by Rohini Grover and Ajay Shah, ajay shah blog
A remarkable feature of options trading is that it reveals a forward-looking measure of the market’s view of future volatility. This was first done by CBOE in 1993 with the S&P 500 index options, with an information product named `VIX’ which reveals the market’s view of future volatility of the US stock market index.
CBOE computes and disseminates VIX every 15 seconds. VIX is often termed a `fear index’ as it conveys the fears of the market. It has found numerous applications:
- Time-series econometrics processes historical data to help us make statements about the future. VIX brings a unique forward-looking perspective into time-series analysis.
- VIX measures uncertainty in the economy e.g. when examining the effect of macroeconomic shocks (Bloom, 2009).
- The international finance literature has emphasised the role of VIX in shaping capital flows to emerging markets [example]. E.g. it is interesting to look at what happened in India on the days in which a very large rise or fall of the VIX took place.
- Trading strategies can be constructed which employ VIX as a tool for making decisions for switching between positions.
- VIX based derivatives offer methods to directly trade on VIX. In the US, CBOE introduced VIX futures and options on March 26, 2004 and February 24, 2006 respectively. In 2012, the open interest for these contracts was at 326,066 contracts and 6.3 million respectively. In India, futures on VIX have been launched at NSE, but the contract has not taken off.
All of us treat VIX as a hard number — we talk about a value of VIX such as 24.53 as if it is known precisely. But VIX is computed from a set of option prices. These option prices suffer from microstructure noise and from the limits of arbitrage. Each option price is only an imprecise reflection of the thinking of the market. This raises concerns about the extent to which imprecision in option prices spills over into imprecision of VIX.
In a recent paper, The imprecision of volatility indexes we offer a method for measuring the imprecision of VIX, and find that the measurement noise is economically significant.
VIX is a statistical estimator working on a dataset of option prices. Different estimators exist (e.g. the old VIX vs. the new VIX). Regardless of what estimator is used, the foundation — the option price — suffers from microstructure noise and is shaped by limits of arbitrage. Noise in option prices will induce noise in VIX. The only question is that of understanding how imprecise is the VIX.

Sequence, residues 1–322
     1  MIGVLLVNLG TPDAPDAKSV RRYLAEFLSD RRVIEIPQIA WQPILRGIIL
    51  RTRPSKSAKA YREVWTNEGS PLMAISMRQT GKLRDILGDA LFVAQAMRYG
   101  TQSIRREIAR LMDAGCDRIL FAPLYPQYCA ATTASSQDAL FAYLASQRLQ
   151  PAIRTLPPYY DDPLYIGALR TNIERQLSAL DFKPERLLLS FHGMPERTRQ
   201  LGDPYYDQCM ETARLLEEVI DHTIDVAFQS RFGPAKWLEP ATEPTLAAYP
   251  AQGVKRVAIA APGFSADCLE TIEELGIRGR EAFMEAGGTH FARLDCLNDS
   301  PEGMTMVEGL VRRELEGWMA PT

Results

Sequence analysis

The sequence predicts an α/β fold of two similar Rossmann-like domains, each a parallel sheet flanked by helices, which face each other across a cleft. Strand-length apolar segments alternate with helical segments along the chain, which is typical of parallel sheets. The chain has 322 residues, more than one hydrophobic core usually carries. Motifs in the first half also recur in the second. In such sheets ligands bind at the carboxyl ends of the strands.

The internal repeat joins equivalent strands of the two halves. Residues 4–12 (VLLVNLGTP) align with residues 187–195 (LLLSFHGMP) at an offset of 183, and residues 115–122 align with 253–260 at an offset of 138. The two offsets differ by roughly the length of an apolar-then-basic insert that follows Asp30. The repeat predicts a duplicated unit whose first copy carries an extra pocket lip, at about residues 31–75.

For an analogy, consider estimation of LIBOR. Each dealer reports a reading of LIBOR. We recognise that each value obtained is a noisy estimator of the true LIBOR. This is aggregated using a simple robust statistics procedure to obtain an estimate of LIBOR. Bootstrap inference is used to obtain a confidence interval about how imprecise our esitmator of LIBOR is. [Cita and Lien, 1992, Berkowitz, 1999, Shah, 2000].
A similar strategy is relevant for VIX. Each option should be seen as a noisy estimator of the implied volatility. Bootstrap inference can then be used to create a distribution of the vega-weighted VIX (VVIX). This yields a confidence interval for VVIX.
As an example, for a sample of end-of-day S&P 500 options, on 17th September, 2010, the at-the-money (ATM) options with 29 days to expiry show significant variation and take values between 15% and 21%. Our methods yield a distribution of the estimated VVIX:
As the graph above shows, the point estimate for the VVIX is 21.53% and this is what all of us are used to talking about. But the noise in option prices has induced an economically significant imprecision in our estimated VVIX. The 95% confidence band, which runs from 20.8% to 22.32%, is 1.5 percentage points wide. This is an economically significant number, since the one-day change in VVIX is smaller than 1.5 percentage points on 62% of the days. This suggests that on 62% of the days, we know little about whether VVIX went up or down when compared with the previous day.
To conclude, we got a huge step forward when options trading improved our knowledge of the universe by giving us a forward looking estimator of future uncertainty. However, market microstructure noise and the limits of arbitrage hamper our ability to know about the future: VIX is not a hard number. There is significant uncertainty in what we know about VIX. This insight may make a difference to many applications of VIX.
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